Trade of the Tricks

Trade of the Tricks: Inside the Magician's Craft

GRAHAM M. JONES
Copyright Date: 2011
Edition: 1
Pages: 308
https://www.jstor.org/stable/10.1525/j.ctt1pprmp
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  • Book Info
    Trade of the Tricks
    Book Description:

    From risqué cabaret performances to engrossing after-hours shop talk,Trade of the Tricksoffers an unprecedented look inside the secretive subculture of modern magicians. Entering the flourishing Paris magic scene as an apprentice, Graham M. Jones gives a firsthand account of how magicians learn to perform their astonishing deceptions. He follows the day-to-day lives of some of France's most renowned performers, revealing not only how secrets are created and shared, but also how they are stolen and destroyed. In a book brimming with humor and surprise, Jones shows how today's magicians marshal creativity and passion in striving to elevate their amazing skill into high art. The book's lively cast of characters includes female and queer performers whose work is changing the face of a historically masculine genre.

    eISBN: 978-0-520-95052-8
    Subjects: Anthropology

Table of Contents

  1. Front Matter
    (pp. i-vi)
  2. Table of Contents
    (pp. vii-viii)
  3. List of Illustrations
    (pp. ix-x)
  4. Preface and Acknowledgments
    (pp. xi-xviii)
  5. INTRODUCTION: Men of a Thousand Hands
    (pp. 1-33)

    Stroll down the Boulevard St. Germain in the chic sixth arrondissement of Paris on a summer eve ning, and you′re liable to encounter an extraordinary character of the crossroads. Amid the polyglot throng of barhopping students, lovers hand in hand, and tourists enjoying gelato, he sits at a card table under a streetlight′s glow, wearing a bowler hat and a puckish smile. ″Come closer,″ he coaxes in a creaky voice. ″You can see betterherethanthere!″ As you join a circle of passersby cautiously edging in, he holds up three acorn-sized white balls and, with the wave of a...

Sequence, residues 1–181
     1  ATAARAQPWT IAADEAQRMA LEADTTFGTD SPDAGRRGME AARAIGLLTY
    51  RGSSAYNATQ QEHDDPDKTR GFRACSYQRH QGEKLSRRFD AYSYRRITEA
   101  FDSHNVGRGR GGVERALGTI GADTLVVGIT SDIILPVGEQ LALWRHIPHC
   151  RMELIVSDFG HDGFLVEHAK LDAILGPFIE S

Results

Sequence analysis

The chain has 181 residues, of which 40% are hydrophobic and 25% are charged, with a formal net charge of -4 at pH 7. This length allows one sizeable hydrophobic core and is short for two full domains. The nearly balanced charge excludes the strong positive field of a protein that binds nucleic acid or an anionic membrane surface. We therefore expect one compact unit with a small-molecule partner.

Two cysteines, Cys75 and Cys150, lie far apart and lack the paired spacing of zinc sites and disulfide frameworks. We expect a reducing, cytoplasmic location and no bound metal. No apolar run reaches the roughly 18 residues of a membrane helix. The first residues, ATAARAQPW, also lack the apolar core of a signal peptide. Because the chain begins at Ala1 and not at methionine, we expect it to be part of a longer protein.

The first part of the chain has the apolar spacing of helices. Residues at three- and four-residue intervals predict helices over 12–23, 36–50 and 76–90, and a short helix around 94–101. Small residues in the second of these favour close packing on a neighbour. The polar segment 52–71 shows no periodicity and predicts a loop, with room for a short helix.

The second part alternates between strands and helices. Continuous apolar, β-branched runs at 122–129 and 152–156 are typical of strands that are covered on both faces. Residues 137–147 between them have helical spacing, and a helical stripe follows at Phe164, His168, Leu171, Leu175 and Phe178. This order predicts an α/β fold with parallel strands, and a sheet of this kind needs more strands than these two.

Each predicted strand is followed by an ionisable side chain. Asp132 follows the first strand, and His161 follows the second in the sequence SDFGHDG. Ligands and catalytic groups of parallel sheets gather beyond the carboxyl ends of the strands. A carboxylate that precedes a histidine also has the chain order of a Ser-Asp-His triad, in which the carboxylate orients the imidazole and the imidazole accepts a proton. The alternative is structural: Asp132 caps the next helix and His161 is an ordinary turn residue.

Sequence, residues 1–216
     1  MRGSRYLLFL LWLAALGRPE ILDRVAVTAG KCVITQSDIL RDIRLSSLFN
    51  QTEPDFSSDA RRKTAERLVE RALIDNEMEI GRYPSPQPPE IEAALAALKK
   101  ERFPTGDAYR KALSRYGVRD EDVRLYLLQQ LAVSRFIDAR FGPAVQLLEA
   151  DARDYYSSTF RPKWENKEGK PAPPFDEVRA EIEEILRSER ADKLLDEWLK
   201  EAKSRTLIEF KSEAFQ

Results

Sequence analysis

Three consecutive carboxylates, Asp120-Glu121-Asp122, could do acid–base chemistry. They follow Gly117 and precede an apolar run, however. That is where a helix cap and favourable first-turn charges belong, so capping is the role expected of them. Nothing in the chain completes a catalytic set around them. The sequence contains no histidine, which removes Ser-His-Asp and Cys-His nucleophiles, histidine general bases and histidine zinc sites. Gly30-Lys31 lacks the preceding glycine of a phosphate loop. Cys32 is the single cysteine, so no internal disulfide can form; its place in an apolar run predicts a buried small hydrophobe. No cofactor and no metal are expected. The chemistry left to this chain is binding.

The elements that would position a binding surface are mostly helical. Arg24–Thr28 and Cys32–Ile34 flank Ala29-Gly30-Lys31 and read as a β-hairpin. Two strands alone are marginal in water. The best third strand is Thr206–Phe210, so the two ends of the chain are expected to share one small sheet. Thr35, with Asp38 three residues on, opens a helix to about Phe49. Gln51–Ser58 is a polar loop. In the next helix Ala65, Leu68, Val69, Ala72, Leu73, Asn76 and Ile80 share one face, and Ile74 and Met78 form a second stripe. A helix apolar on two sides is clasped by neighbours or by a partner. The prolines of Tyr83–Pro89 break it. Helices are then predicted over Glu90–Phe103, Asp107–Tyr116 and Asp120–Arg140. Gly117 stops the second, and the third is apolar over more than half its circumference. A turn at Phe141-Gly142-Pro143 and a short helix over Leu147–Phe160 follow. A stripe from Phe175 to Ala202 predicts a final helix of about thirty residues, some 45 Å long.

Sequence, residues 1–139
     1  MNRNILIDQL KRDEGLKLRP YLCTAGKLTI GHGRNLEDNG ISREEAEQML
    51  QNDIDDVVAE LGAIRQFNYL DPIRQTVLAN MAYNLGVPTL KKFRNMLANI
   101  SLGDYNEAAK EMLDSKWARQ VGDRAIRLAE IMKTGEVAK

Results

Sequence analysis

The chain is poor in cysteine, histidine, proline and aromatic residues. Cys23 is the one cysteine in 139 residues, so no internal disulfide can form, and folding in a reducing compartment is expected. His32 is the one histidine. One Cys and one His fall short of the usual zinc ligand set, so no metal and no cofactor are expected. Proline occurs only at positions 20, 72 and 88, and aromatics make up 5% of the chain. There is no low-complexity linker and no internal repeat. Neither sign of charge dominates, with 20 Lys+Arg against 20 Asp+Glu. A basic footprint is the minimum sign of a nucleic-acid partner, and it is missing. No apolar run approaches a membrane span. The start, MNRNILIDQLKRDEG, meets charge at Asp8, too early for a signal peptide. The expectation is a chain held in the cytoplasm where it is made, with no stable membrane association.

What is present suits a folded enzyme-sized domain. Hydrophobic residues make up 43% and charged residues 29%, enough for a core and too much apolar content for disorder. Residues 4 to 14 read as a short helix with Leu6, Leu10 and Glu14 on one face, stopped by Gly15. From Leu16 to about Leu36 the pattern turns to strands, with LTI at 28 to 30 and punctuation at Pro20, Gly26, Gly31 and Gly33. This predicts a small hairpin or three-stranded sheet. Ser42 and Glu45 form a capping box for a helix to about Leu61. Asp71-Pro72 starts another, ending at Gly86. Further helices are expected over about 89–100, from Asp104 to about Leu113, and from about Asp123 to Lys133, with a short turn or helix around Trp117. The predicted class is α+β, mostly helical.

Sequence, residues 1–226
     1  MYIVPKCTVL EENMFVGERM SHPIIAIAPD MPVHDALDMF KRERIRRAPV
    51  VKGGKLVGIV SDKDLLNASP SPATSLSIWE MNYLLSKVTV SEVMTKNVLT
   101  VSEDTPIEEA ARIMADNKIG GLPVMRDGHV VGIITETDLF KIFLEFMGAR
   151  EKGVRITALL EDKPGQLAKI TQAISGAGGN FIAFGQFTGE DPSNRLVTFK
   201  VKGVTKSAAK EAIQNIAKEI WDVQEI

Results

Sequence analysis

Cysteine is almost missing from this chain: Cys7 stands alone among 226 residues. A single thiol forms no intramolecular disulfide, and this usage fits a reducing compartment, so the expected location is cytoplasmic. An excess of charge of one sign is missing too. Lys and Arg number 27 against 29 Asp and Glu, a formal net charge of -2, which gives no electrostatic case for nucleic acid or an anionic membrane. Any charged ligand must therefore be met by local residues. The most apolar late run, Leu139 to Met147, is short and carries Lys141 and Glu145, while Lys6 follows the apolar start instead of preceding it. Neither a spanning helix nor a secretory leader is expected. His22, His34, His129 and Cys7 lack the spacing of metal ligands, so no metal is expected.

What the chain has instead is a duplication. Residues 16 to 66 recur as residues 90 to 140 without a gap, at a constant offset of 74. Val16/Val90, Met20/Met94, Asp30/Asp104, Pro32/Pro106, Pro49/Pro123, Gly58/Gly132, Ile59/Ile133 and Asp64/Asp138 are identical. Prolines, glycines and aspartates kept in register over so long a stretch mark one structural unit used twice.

6. ONE An Apprenticeship in Cunning
    (pp. 34-76)

    There are many ways to describe how magicians are made. One would be to trace the acquisition of embodied skills, the meticulous ″techniques of the body″² that allow innocent-looking gestures to dissemble covert manipulations. While magicians strive to make their body language naturalistic, their every move is codified according to tradition, methodically adapted to suit individual needs, rehearsed thousands of times (often in front of a mirror or video camera), and fine-tuned over the course of a career. But while many spectators believe that hand-is-quicker-than-the-eye dexterity accounts for the magicians′ deceptive abilities, in fact, an enormous amount of mental strategizing...

  7. TWO The Social Life of Secret Knowledge
    (pp. 77-117)

    Entertainment magic′s first ethnographer was not a modern anthropologist but a freethinking sixteenth-century English lawyer. Appalled by witch hunts sweeping across Europe, Reginald Scot set out to prove that witchcraft was not a diabolical conspiracy against Christendom but a mass delusion. To document public credulity about apparently supernatural phenomena, Scot conducted fieldwork in London fairgrounds and markets among illusionists (or ″jugglers,″ as he called them) and peddlers of magic tricks. In the process, he claimed to have acquired conjuring skill sufficient to make witch hunters ″sweare [he] were a witch, and had a familiar divell at commandement.″¹ Instead, in 1584...